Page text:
Commissary Price Change Pilot Coming March 1: Officials

Eggs displayed at a commissary on Fort Campbell, Kentucky Amy Bushatz/
Eggs displayed at a commissary on Fort Campbell, Kentucky Amy Bushatz/

A pilot program that allows commissaries to raise or lower grocery prices could kick off as early as March 1, officials said Monday.

The pilot, known as "variable pricing," is a key piece of a larger congressional mandate that the commissary system move from relying strictly on $1 billion in annual taxpayer funding to cover all of its operation costs to a model where it turns a profit and pays for some of its own overhead.

Currently, the stores sell goods at cost plus a 5-percent surcharge, which covers store construction and maintenance. The variable pricing system passed by Congress last year instead allows officials to raise and lower prices at will, so long as shoppers continue to see a specific savings of between 17.6 percent and 44.2 percent, depending on region, over off-base grocery stores.

The pilot program will test the variable pricing system at 10 commissaries nationwide, said Chris Burns, executive director for business transformation at the Defense Commissary Agency (DeCA), during a call with reporters Monday.

Prices of between 1,000 and 1,400 items in those 10 stores will be examined against prices off base and raised or lowered accordingly, Burns said.

"We're going to monitor the price of those products, we're going to monitor those items, we're going to look outside the gate where those stores are located to see what they're doing with those items we identified," he said.

The specific stores included in the upcoming pricing pilot were chosen based on geography and market size, Burns said, but the locations won't be released until officials have fully briefed lawmakers on the plan.

Congressional staff members with a House subcommittee that oversees personnel issues were set to meet with agency officials about the pilot program Monday, one staffer told

Also slated for this spring is the second piece of the agency's efforts to turn a profit: the rollout of a private label, or "generic," brand. About 400 private-label items will be put on shelves in early May under "Freedom's Choice" and "HomeBase" labels, officials announced last week.

Adding those items to shelves, however, means making space by eliminating some of the national brands currently stocked by the agency, Burns said. The choice of what brands to remove will be based on market research, he added.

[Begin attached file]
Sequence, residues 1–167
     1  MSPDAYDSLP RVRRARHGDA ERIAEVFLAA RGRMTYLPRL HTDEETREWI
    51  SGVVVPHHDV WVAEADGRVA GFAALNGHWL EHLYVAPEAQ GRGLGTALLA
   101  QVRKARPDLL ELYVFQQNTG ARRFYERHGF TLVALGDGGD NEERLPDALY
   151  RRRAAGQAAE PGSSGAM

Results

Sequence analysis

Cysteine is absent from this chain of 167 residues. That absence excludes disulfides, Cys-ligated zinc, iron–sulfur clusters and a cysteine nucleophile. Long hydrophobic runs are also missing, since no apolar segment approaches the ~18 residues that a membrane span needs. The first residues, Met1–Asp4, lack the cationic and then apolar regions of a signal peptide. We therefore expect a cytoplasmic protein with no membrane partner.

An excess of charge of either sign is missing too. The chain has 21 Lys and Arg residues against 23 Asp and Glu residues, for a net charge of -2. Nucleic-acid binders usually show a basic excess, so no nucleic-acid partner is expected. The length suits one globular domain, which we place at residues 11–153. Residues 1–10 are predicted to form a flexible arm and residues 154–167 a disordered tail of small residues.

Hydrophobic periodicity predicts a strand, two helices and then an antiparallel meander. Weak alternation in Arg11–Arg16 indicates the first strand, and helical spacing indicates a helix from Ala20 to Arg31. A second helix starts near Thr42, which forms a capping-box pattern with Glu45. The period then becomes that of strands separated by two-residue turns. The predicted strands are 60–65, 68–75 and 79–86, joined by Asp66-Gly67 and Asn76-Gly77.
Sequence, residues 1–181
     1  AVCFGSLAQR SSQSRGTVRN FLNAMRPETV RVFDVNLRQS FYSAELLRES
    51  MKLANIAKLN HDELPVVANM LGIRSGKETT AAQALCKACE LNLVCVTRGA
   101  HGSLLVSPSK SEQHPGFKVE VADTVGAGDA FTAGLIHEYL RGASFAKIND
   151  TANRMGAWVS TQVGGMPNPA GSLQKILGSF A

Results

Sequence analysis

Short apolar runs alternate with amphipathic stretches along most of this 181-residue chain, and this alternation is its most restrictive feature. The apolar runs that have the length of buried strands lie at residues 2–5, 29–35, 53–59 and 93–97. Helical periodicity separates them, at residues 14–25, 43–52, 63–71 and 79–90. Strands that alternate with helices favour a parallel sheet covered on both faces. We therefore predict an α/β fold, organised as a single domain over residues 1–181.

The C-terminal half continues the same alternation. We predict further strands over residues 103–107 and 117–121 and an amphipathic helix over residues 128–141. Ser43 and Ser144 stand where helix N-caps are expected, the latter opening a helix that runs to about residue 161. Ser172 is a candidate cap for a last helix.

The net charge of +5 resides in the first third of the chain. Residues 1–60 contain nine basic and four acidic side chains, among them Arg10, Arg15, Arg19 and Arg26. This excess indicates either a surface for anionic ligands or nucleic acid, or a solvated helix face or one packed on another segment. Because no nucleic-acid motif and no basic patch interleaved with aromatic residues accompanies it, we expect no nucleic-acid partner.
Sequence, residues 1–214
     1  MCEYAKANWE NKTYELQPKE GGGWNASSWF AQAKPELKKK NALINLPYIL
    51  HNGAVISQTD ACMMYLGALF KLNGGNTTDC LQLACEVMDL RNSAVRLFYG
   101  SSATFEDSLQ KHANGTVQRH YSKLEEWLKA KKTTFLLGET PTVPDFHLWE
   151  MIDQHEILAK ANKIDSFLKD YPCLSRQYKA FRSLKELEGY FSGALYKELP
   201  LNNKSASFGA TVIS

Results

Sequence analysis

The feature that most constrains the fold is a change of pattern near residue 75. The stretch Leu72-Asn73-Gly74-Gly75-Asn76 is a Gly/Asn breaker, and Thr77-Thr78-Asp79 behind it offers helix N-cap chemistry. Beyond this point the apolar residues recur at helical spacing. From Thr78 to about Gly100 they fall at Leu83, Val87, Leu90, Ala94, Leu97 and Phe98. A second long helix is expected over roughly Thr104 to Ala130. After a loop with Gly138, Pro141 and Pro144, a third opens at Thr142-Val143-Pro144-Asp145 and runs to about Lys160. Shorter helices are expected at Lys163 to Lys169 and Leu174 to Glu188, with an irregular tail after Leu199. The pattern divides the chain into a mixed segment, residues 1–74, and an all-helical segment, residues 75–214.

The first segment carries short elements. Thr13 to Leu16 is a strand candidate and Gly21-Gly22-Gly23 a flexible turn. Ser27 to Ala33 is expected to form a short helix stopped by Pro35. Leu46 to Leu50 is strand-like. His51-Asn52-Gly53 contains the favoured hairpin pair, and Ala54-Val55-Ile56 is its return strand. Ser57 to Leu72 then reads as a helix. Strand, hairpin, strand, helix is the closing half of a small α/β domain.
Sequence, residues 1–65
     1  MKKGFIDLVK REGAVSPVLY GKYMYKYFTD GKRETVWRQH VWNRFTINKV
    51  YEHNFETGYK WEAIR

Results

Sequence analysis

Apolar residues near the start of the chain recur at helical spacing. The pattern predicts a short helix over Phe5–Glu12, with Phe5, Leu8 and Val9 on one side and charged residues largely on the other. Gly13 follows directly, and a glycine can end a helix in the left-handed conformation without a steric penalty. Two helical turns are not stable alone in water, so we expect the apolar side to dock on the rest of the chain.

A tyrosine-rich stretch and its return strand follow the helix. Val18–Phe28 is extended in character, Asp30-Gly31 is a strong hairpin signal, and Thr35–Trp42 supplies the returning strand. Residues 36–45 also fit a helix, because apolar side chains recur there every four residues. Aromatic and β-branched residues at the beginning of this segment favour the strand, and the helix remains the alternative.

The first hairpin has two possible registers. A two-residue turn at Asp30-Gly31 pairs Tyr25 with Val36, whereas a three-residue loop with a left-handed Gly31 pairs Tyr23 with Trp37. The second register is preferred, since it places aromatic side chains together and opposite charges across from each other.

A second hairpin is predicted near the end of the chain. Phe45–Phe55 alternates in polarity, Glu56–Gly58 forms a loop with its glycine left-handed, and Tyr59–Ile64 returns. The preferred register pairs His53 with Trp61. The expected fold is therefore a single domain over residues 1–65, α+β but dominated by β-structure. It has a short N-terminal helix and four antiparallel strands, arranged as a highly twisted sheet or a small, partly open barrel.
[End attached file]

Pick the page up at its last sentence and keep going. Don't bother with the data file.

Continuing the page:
The savings benchmark on which the prices of both generic and national brands will be based is determined by a new measurement designed to demonstrate an accurate picture of how much shoppers are saving at the commissary before the variable pricing rollout.

That system combines the program DeCA has long used to compare on- and off-base prices of more than 30,000 items nationwide with a new program where more than 1,000 frequently purchased items are manually compared with like items at two or three stores near each base, Burns said.

Unlike the previous savings study system, the new system takes into account lower-cost generic items carried at off-base stores that do not currently compare to any items carried at commissaries, where the private label has yet to be introduced, he said. It also takes into account the price of fresh meat system-wide. In the past, the price survey manually examined the cost of fresh meat at the commissary against those outside the gate at only 30 stores.

Price studies produced under the old system found that shoppers regularly saved an average of about 30 percent by shopping at the commissary, a statistic some commissary experts had long questioned.

The new system instead found an average savings of 23.7 percent worldwide, varying by region from a high of 44.2 percent at overseas stores to a low of 17.6 percent in the Mountain Region, DeCA announced early this month.

-- Amy Bushatz can be reached at

This article has been updated to clarify how the cost of fresh meat was factored into the commissary's price comparisons in the past as compared to the new benchmark system.

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